What the Wall Street Journal Doesn't Tell You About Royal Gold (RGLD) Stock

Royal Gold was one of the market's biggest losers today, losing 4.0% of its value and underperforming both the S&P500 and Dow Industrial composite indices by 0.0%. The mid-cap Industrials company ended the day at $132.21, but is still well above its 52 week low of $84.54 and is 9.06% below its average target price of $145.38. Over the last 12 months, Royal Gold is down -1.6%, and has outperformed the S&P 500 by 4.0%. The stock has an average analyst rating of hold.

Royal Gold has a trailing 12 month price to earnings (P/E) ratio of 36.4, which corresponds to its share price divided by its trailing earnings per share (EPS) of $3.63. The company's forward P/E ratio is 31.9 based on its forward EPS of $4.14.

Earnings refer to the net income of the company from its sales operations, and the P/E ratio tells us how much investors are willing to pay for each dollar of these earnings. By way of comparison, the Industrials sector has historically had an average P/E ratio of 20.49. Whether the company's P/E ratio is within a high or low range tells us how investors are currently valuing the stock's earning potential, but it doesn't tell us how its price will move in the future.

Another metric for valuing a stock is its Price to Book (P/B) Ratio, which is its share price divided by its book value per share. The book value refers to the sum of all of the company's tangible assets and liabilities. Royal Gold's P/B ratio of 3.2 indicates that the company is fairly valued when compared to the Industrials sector's average P/B ratio of 3.78.

To understand Royal Gold's business, and therefore its attractiveness as a potential investment, we must analyze its margins in two steps. First, we look at its gross margins, which take into account only the direct cost of providing the product or service to the customer. This enables us to determine whether the company benefits from an advantageous market position:

Date Reported Revenue ($ k) Cost of Revenue ($ k) Gross Margins (%) YoY Growth (%)
2022-12-31 603,206 280,598 53.48 -0.98
2021-06-30 615,856 283,210 54.01 14.31
2020-06-30 498,819 263,148 47.25 12.07
2019-06-30 423,056 244,703 42.16 n/a
  • Average gross margins: 49.2 %
  • Average gross margins growth rate: 6.1 %
  • Coefficient of variability (lower numbers indicate more stability): 11.4 %

Next, we consider the Royal Gold's operating margins, which take into account overhead. This tells us whether the company's business model is fundamentally profitable or not:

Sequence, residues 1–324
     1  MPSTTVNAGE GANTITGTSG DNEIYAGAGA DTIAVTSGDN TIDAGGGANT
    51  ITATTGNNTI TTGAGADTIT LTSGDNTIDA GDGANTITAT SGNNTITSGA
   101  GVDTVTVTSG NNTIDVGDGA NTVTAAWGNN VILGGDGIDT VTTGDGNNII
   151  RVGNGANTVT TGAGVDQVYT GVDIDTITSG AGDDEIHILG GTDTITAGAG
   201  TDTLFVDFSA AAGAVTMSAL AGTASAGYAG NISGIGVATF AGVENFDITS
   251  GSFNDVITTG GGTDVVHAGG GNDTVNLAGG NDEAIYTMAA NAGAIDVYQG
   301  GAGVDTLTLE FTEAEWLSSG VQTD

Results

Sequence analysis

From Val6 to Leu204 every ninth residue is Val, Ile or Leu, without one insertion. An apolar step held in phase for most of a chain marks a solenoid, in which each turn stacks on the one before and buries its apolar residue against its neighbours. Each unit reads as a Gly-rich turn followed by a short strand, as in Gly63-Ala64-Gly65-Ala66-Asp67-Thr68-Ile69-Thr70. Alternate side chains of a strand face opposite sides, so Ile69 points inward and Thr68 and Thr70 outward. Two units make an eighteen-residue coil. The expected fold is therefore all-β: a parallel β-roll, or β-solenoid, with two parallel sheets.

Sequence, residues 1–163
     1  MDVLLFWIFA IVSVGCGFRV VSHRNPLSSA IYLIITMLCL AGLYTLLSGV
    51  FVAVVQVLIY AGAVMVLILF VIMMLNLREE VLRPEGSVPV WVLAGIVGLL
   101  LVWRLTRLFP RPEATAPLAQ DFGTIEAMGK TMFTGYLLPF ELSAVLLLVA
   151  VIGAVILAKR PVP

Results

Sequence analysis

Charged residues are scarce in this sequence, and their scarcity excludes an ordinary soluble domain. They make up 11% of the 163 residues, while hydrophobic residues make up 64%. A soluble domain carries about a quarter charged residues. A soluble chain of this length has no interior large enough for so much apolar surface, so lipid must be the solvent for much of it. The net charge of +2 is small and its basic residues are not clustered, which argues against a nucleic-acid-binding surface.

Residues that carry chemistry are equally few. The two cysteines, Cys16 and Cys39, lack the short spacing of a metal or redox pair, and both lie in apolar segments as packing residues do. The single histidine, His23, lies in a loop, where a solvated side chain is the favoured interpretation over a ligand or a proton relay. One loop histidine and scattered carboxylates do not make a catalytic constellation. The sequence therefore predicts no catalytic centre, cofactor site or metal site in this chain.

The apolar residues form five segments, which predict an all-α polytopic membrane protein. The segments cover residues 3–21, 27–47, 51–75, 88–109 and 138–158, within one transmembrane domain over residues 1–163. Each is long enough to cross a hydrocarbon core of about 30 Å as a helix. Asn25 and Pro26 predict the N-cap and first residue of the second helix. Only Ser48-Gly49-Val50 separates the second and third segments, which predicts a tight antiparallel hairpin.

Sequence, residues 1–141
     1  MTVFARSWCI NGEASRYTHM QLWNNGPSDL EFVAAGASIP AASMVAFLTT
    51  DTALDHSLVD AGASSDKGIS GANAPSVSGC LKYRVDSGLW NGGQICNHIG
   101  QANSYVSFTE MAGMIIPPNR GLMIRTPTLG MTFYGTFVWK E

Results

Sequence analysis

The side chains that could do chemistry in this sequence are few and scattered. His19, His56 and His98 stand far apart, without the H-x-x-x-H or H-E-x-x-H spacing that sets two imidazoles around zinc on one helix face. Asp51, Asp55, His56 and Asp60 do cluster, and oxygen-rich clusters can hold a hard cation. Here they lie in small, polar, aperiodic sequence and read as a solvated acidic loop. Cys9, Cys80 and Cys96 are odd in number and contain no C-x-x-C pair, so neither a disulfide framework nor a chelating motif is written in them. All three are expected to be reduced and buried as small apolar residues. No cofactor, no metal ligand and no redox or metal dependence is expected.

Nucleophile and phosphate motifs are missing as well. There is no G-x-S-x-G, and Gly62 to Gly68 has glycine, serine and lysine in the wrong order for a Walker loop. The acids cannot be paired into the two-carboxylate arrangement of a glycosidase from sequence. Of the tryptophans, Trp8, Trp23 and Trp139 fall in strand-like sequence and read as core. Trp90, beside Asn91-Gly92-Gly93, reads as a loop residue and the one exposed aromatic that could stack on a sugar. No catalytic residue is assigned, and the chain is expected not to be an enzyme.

Date Reported TotalRevenue ($ k) Operating Expenses ($ k) Operating Margins (%) YoY Growth (%)
2022-12-31 603,206 34,612 47.74 -3.18
2021-06-30 615,856 28,950 49.31 22.81
2020-06-30 498,819 35,385 40.15 20.72
2019-06-30 423,056 37,646 33.26 n/a
  • Average operating margins: 42.6 %
  • Average operating margins growth rate: 9.5 %
  • Coefficient of variability (lower numbers indicate more stability): 17.4 %

Since both Royal Gold's gross margins and operating margins tend to be positive, we know that its business is currently profitable. However, it's important to take into account their variability and overall growth trend to make a definitive conclusion regarding the company's strength.

To get a better idea of Royal Gold's finances, we will now look at its cash flows. Often touted as a general yardstick for a company's financial health, cash flows represent the sum of inflows and outflows of cash from all sources, including capital expenditures:

Date Reported Cash Flow from Operations ($ k) Capital expenditures ($ k) FreeCashFlow ($ k) YoY Growth (%)
2022-12-31 417,345 -922,155 -504,810 -311.21
2021-06-30 407,151 -168,147 239,004 29.35
2020-06-30 340,752 -155,985 184,767 -26.71
2019-06-30 253,166 -1,055 252,111 n/a
  • Average free cash flow: $-504,810,000
  • Average free cash flow growth rate: -20.5 %
  • Coefficient of variability (lower numbers indicating more stability): 856.3%

This is the pool of liquidity that the company can use to reinvest in its business and to pay its equity investors a dividend. Over the last twelve months investors in Royal Gold have enjoyed a dividend yield of 1.1%, but with its negative recent cash flows, the company may not be able to keep this up.

In conclusion, Royal Gold may be unattractive to investors with a low risk tolerance or a long term investment horizon. Stocks such as these may offer strong returns in the short term, but for now the long term potential of the company is not substantiated -- by the numbers, at least.

The above analysis is intended for educational purposes only and was performed on the basis of publicly available data. It is not to be construed as a recommendation to buy or sell any security. Any buy, sell, or other recommendations mentioned in the article are direct quotations of consensus recommendations from the analysts covering the stock, and do not represent the opinions of Market Inference or its writers. Past performance, accounting data, and inferences about market position and corporate valuation are not reliable indicators of future price movements. Market Inference does not provide financial advice. Investors should conduct their own review and analysis of any company of interest before making an investment decision.